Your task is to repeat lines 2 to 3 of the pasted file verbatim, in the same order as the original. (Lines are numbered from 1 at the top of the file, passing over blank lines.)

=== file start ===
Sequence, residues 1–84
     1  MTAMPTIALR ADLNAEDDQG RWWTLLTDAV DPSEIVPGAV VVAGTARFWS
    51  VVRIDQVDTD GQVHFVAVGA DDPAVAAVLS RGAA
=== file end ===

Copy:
     1  MTAMPTIALR ADLNAEDDQG RWWTLLTDAV DPSEIVPGAV VVAGTARFWS
    51  VVRIDQVDTD GQVHFVAVGA DDPAVAAVLS RGAA